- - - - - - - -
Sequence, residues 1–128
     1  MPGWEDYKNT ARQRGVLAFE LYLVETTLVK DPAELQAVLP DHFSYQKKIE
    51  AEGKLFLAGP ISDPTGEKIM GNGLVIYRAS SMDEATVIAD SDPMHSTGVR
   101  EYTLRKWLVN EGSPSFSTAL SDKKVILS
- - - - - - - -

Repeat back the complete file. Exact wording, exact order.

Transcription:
Sequence, residues 1–128
     1  MPGWEDYKNT ARQRGVLAFE LYLVETTLVK DPAELQAVLP DHFSYQKKIE
    51  AEGKLFLAGP ISDPTGEKIM GNGLVIYRAS SMDEATVIAD SDPMHSTGVR
   101  EYTLRKWLVN EGSPSFSTAL SDKKVILS